Death Valley | My Family Travels
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I stood at the pinnacle of the mountain, full of awe the marvelous view. From behind me, I heard Art, our teacher, announce, “From here you can see both the highest and lowest points in the continental U.S! Mount Whitney is over there,” he declared, pointing at the tallest mountain in sight, just visible over the surrounding mountains. “It has an elevation of about 14,500 feet above sea level. Death Valley, over here toward the southeast, is about 280 feet below sea level. You can see the white color from all the salt deposits.” Amazed, I gazed in wonder around the snowy mountain we stood on.

 

            Five days beforehand, a handful of students from my school, myself included, had boarded the flight to Death Valley, our backpacks and bags carefully packed and ready for adventure… and a nap. We all arrived at BWI airport by 3:30 am, anticipating the excitement of new sights and the chance to learn more about the geology of an unfamiliar place. During the following week-long trip our whole group gained the chance to see new sights and expand our knowledge of geology. I also gained the chance to realize, once again, how much I appreciate wild, undeveloped places and the new experiences to be gained by traveling.

            After our arrival in Los Angeles, the four trip leaders divided us into groups and hustled us, and our bags, into the three minivans and one truck as quickly as possible. We then took the initially smooth drive into Death Valley National Park. After stopping once to get park passes, we made it to our first destination – Ubehebe Crater. This spectacular, 6,000-year-old crater was a great spot for any school group.  It was fun to run all the way down the steep, gravel-strewn path. I found Ubehebe Crater to be an astounding area; the sheer scale of it nearly evaded my perceptions. In this vast area, judging distances was much harder than back home in Maryland. The beautiful, layered rock faces about us and the evidence of the volcanic explosion that had created this enormous crater provided an astounding, new environment. Laughing and fooling around, we proceeded to explore the enormous crater.

            Later that day, we continued on to camp in one of the designated camping areas, setting up our three-person tents and refilling our water bottles. Our teachers came around and checked that all our possessions were thoroughly secured, warning us that the high winds could blow things so far away that we would never retrieve them. That included our tent bags. Thankfully, no one lost theirs.

            For the rest of the week, we traveled to whatever nearby attractions the teachers thought best suited that day’s schedule and weather. I thoroughly enjoyed the hikes we took up mountains, even once stumbling upon an abandoned mine with a sort of blue-green stone scattered about its entrance. Another time we visited an old canyon. It held great examples of fossils and the boulders scattered throughout by old floods dwarfed us all. The sense of awe was overwhelming. We drove through rocky roads, passing forests of cacti and flowering bushes. I loved these sights, reveling in the open spaces and freedom. I also basked in the knowledge that it was our trip that was lucky enough to be there the same week the flowers of this rocky desert bloomed and covered this rugged landscape with their glory.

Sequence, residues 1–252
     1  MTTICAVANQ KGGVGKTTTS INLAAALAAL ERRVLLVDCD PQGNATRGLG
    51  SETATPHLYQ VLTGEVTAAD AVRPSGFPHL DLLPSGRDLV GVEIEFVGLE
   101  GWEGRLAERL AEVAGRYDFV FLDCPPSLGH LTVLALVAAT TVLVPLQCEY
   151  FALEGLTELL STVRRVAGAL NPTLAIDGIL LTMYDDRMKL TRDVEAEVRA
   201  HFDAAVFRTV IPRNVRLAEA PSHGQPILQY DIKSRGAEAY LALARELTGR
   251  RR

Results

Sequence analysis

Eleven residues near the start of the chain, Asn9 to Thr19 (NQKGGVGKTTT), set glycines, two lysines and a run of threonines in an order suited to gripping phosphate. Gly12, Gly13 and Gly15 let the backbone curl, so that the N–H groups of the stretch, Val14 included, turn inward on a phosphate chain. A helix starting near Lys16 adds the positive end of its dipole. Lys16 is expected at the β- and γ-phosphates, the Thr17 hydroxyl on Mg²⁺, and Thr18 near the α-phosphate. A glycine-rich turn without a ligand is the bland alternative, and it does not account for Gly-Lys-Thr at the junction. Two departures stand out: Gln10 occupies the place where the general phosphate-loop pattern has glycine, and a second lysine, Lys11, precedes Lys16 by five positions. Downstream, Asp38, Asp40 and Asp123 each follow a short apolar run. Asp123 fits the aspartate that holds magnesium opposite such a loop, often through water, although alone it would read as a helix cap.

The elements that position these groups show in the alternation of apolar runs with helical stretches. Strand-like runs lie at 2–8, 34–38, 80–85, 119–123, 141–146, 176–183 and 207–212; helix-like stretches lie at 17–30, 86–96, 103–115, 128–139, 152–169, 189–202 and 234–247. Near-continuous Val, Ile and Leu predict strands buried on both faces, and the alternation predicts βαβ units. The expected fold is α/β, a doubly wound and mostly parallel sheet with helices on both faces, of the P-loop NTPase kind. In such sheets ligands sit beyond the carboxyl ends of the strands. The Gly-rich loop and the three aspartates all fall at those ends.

On our final two days, we planned on camping on a snowy mountain. Though I, tucked up in my sleeping bag, found this to be a thoroughly original and enjoyable experience, we were forced to move to a lower camp site the next night. The asthmatic people had problems and one person, who had lost her sleeping bag, had been too cold to actually sleep.

            The following day, we climbed a mountain, which I am pretty certain was called Rose Mountain, and viewed the highest and lowest places in the continental U.S.

 On our final day, we visited Mosaic Canyon and the Death Valley Sand Dunes. These miniature mountains of sand are a great place for a group of teenagers to stop and explore. Despite that day’s grueling temperatures, I made my way to the top of tallest dune. I thoroughly enjoyed the marvelous vista surrounding me and wished that I could spend more time there. Mosaic Canyon’s marble walls also served to fascinate our entire group.

Upon returning home, I was happy to bathe for the first time it a week. However, I would have gladly gone weeks longer in order to see more of Death Valley. I realized, once again, that traveling and seeing strange places was something I desired with all my heart.

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